People often ask us about the name of the company: why “Creative” Learning? Being a very good question, it doesn’t have a simple answer.
One reason for the name is to distinguish our method of learning (using Learning Styles) from “traditional” learning (traditional learning takes place in a brightly lit classroom, with the teacher at the blackboard and the pupils uncomfortable on hard chairs).
"Creative learning" also means: be creative when you learn, use learning tools to help you, have fun.
Some examples (and there are literally thousands) of learning using the Creative Learning approach include:
· making and using specific learning tools like electro-boards, flip chutes, wrap-arounds,
· playing a board game with a child to teach them to count,
· playing a board game with a child to teach them to recognise at a glance the visual patterns made by the dots on dice,
· becoming detectives for the day and taking a walk through the neighbourhood to find all the numbers "3" on the houses - great for kinesthetic children,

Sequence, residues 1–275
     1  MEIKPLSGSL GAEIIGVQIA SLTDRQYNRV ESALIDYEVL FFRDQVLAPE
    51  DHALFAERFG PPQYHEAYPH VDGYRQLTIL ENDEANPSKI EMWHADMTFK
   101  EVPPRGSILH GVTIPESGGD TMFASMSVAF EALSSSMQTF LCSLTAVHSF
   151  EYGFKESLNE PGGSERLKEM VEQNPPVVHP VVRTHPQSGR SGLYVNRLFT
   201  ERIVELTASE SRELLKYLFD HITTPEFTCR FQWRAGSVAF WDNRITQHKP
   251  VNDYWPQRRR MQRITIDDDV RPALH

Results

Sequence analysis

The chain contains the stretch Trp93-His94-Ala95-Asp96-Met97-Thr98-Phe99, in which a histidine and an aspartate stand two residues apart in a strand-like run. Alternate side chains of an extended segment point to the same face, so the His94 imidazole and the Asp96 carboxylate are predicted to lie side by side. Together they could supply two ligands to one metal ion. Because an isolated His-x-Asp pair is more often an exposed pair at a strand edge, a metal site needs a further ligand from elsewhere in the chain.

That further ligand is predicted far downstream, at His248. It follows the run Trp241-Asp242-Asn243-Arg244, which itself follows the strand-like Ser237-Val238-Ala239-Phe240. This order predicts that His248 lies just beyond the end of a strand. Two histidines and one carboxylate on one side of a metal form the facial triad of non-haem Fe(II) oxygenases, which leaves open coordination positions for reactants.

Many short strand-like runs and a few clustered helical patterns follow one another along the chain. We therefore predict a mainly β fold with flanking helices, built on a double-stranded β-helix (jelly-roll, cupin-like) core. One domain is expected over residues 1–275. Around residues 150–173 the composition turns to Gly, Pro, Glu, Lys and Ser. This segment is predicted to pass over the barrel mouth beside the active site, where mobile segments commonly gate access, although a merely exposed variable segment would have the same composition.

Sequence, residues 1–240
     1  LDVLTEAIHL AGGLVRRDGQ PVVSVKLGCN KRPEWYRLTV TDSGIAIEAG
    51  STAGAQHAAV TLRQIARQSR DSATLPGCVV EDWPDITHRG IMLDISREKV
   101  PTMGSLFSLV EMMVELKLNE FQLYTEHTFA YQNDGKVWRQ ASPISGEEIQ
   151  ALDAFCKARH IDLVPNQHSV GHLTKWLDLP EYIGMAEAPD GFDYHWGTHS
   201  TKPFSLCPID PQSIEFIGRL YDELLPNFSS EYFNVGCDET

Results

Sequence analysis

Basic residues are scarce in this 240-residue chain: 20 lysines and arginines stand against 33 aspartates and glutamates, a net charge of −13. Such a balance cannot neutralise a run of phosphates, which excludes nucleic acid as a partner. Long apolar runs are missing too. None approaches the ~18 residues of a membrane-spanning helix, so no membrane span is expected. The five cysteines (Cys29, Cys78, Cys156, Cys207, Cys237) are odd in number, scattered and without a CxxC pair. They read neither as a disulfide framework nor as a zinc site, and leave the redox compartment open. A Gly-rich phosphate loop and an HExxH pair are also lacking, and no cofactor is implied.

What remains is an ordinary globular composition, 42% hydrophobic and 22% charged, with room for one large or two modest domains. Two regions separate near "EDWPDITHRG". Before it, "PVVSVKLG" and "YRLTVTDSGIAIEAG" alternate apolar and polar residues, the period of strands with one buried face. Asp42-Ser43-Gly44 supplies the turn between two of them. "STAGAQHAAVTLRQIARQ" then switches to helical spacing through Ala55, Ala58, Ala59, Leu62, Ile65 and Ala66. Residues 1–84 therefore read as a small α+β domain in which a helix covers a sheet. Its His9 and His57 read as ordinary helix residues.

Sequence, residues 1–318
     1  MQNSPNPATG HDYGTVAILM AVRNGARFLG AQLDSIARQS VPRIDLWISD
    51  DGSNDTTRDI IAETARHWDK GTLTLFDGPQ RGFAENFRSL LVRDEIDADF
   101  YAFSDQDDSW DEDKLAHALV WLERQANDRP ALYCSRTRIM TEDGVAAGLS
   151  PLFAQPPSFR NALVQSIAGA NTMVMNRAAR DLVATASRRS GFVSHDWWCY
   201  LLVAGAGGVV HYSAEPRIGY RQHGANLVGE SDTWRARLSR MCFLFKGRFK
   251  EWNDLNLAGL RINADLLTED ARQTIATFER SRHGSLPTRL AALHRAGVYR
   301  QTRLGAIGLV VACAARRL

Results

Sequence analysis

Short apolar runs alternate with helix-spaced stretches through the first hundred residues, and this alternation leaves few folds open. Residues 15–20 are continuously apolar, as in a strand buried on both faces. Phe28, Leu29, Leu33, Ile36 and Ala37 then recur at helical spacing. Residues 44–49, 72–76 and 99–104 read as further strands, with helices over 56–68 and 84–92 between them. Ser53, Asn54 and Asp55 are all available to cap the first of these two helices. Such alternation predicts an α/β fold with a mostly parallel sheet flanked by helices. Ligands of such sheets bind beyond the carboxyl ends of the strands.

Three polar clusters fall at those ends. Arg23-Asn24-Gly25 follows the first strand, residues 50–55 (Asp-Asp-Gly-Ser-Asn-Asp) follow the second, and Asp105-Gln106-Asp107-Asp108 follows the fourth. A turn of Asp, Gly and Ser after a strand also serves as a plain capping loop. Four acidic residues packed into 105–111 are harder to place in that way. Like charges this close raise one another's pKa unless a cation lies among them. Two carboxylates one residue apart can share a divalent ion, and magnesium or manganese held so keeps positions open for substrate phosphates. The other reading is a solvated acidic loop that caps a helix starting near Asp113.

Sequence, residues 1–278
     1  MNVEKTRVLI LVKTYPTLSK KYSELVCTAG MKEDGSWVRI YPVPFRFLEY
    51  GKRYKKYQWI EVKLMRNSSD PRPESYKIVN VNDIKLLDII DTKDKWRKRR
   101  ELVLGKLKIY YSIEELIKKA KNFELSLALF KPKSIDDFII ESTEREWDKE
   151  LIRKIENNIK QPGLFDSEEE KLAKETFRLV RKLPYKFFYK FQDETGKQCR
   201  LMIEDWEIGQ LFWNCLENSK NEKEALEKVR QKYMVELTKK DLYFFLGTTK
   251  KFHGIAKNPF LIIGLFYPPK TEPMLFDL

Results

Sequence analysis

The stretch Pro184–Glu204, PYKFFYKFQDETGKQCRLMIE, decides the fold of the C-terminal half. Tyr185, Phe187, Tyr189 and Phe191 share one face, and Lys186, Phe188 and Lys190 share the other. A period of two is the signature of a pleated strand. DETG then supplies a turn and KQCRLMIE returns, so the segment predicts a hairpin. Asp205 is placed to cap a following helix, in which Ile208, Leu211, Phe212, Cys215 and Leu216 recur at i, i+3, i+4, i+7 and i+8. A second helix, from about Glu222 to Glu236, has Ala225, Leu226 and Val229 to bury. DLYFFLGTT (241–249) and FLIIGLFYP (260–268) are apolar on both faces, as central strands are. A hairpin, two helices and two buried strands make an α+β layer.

· making a gigantic letter A from cardboard, then cutting it up into jigsaw style pieces and putting it back together again (to teach the alphabet) - great for tactile children,
· playing bank or post office (using official forms) to practice writing / adding up,
· playing FlySwat to teach a foreign language: you write the vocabulary on the black board, give 2 children a fly swat each, then you call out a word and the first child to find the translation on the board gets to swat it - again, good kinesthetic fun.
What else can a teacher do, apart from finding out their own Teaching Style and their pupils’ Learning Styles (available from www.creativelearningcentre.com)?
· At the end of each lesson, let kinesthetic children throw a ball around or hit a balloon to one another as you call out one thing you remember from the lesson,
· For a geography lesson: let visual children paint and write a postcard from a pretend-holiday describing typical weather of that month, tourist attractions, cuisine, industry, farming,
· For a geography lesson: let kinesthetic children set up a drama play about their experience as tourists in a foreign country,
· For a geography lesson: let tactile children build a topographic map of the region using coloured clay.
Still stuck for ideas? Then please email me on firstname.lastname@example.org and let me know the age group and the school subject you’re targeting, and we can brainstorm together.
Alternatively, please leave a comment on this blog.
I look forward to hearing from you.